Design is all about visually perceiving things. Typography is a key element wherein we can elevate the influence of the messaging in a clear-cut way. Every brand needs typography to stand out - For brands that follow a minimalist approach, it is very important to have strong typography to compliment the imagery. For brands that follow a maximalist approach, it is important to differentiate elements through typography in order to not create chaos as it is quite possible with that approach.
As we mentioned above, a lot of brands have such strong typography that you can make out what brand it is just at a glance. Coca-Cola, Google, and Louis Vuitton are some great examples. The kind of typeface you use can dictate how your audience feels toward your brand.
A lot of brands leverage this quality of typography to create an everlasting impact on their audience. Sometimes to achieve this effect, brands indulge in an approach wherein no visual is required and only strong typography is used to evoke emotions.
Typography is a known way to help put something important into the spotlight. This helps highlight important messages that make your design stand out. If you are an amateur designer, we suggest fiddling around with the size, color, or font to help your design strikeout.
The best way to use typography is to build a visual hierarchy. The largest elements are placed on the header; this way the attention is drawn directly to the most important information which further engages the reader to go on to the subhead and then finally to the copy. That is the reason all publications and packaging use this format. Another way to build hierarchy is through a combination of typefaces. Eg: Sans Serif for Headers and Classic Serif for body copy.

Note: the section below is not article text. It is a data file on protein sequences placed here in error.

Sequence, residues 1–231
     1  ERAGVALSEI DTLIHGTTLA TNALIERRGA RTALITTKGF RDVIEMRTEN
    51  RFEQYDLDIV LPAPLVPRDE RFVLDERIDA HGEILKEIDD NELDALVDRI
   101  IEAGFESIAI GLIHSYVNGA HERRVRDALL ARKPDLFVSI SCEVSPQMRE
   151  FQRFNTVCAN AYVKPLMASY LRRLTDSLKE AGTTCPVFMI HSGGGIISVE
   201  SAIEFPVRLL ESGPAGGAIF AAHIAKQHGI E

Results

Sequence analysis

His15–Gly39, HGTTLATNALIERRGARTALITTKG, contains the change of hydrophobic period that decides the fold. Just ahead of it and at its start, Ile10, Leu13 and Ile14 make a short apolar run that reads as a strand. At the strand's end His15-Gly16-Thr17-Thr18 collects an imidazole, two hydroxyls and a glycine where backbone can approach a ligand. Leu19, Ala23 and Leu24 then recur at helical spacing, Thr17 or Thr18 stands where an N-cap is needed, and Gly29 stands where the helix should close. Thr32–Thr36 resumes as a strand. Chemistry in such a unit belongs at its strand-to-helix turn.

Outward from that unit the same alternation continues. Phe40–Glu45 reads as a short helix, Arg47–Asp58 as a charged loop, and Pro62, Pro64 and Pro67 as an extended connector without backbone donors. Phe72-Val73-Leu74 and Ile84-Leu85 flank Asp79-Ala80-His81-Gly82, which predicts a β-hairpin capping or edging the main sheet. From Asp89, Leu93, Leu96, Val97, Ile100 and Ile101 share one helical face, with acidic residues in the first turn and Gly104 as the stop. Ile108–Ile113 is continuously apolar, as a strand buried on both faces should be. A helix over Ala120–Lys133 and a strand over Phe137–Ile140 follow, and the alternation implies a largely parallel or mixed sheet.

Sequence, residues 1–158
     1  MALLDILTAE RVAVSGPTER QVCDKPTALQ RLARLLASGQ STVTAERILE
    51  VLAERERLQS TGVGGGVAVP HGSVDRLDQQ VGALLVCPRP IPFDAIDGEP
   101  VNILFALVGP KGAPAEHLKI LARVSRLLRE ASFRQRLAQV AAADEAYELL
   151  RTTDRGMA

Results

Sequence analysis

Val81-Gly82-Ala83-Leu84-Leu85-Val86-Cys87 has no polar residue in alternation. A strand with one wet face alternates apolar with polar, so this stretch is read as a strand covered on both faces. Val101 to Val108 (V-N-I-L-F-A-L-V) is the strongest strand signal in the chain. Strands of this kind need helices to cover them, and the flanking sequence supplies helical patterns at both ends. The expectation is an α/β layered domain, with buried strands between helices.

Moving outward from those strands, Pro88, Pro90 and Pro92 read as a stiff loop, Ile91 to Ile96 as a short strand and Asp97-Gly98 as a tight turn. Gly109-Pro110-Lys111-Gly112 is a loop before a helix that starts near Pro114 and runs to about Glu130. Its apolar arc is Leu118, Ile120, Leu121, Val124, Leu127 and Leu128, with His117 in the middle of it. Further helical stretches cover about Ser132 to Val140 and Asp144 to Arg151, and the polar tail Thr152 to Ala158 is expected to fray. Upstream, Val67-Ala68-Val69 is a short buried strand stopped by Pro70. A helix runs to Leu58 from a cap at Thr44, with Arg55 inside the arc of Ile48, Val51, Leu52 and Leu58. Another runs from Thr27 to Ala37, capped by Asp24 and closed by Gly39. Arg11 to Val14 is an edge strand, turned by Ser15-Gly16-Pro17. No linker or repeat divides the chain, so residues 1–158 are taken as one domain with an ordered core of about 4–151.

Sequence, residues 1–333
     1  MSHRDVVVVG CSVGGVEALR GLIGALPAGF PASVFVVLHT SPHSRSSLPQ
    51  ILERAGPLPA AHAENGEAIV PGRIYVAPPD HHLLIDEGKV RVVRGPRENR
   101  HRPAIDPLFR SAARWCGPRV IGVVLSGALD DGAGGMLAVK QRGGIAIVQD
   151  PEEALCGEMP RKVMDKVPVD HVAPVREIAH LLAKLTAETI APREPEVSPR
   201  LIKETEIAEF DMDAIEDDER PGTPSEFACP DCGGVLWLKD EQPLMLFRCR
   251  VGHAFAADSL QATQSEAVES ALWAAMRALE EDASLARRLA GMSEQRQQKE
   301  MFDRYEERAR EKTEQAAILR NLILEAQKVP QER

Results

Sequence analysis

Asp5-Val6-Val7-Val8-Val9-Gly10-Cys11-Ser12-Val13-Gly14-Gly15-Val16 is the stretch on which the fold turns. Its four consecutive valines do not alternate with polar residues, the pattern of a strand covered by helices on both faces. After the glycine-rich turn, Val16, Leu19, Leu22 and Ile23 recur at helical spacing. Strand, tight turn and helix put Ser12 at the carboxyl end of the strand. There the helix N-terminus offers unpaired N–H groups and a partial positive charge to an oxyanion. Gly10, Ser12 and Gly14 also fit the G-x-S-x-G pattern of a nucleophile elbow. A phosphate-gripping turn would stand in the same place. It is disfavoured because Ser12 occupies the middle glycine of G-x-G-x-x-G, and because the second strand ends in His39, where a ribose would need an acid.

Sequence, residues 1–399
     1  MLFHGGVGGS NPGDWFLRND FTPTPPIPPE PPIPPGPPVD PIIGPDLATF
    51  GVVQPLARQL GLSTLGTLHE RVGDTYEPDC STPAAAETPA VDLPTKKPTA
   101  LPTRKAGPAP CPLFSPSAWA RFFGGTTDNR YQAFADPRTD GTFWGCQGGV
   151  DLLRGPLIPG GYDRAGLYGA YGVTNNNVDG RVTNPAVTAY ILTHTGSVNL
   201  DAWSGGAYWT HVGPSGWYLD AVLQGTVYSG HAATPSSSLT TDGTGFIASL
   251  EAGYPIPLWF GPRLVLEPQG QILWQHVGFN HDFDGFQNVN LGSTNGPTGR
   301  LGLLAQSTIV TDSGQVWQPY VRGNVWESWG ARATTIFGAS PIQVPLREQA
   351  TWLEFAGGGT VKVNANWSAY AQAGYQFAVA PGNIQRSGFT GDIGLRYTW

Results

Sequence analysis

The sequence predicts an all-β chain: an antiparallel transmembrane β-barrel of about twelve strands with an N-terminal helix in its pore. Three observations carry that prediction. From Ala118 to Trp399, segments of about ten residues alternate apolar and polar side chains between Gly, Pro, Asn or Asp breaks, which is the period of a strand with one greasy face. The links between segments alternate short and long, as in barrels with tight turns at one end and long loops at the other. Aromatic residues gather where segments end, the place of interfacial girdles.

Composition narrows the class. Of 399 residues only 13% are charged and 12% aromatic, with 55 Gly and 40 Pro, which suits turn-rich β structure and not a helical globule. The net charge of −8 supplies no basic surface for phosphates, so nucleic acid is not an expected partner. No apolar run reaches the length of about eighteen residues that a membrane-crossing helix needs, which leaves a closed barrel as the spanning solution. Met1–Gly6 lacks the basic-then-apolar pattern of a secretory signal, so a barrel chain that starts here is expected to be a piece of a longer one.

Typography is not just an amalgamation of philosophies used by designers, rather they are comprehensive techniques to help brands present their ideas to their audience in the best way possible. To have strong typography, designers have to make the most of every word used. The idea, however, remains as is. We as designers always assume that if an idea is communicated nicely, the typography must be solid. Typography has a broad terminology that much to our surprise is still uncharted territory for a lot of designers out there. Do not worry! We are here to give you complete knowledge of the diverse world of Typography!
A typeface, as you can see in the above picture is a specific style of lettering and punctuation that encompass a common design. With every typeface, you get a family of fonts that each have their distinctive thickness, size, and charm. The typeface however remains the core design element of the letter work.
A font, in simple terms, is a subset of a typeface created by molding the typeface. The molding can be done by increasing the thickness, style, or size. Example: Helvetica is a Typeface and Helvetica Regular, Helvetica Light, Helvetica Bold, etc are fonts (members of a typeface).
The type height of a character is centered around the x-height or the void between the baseline and the median line. You will notice that parts of lettering above the x-height are called ascenders and the letters that go below the baseline are descenders. The entire typeface is measured as point size.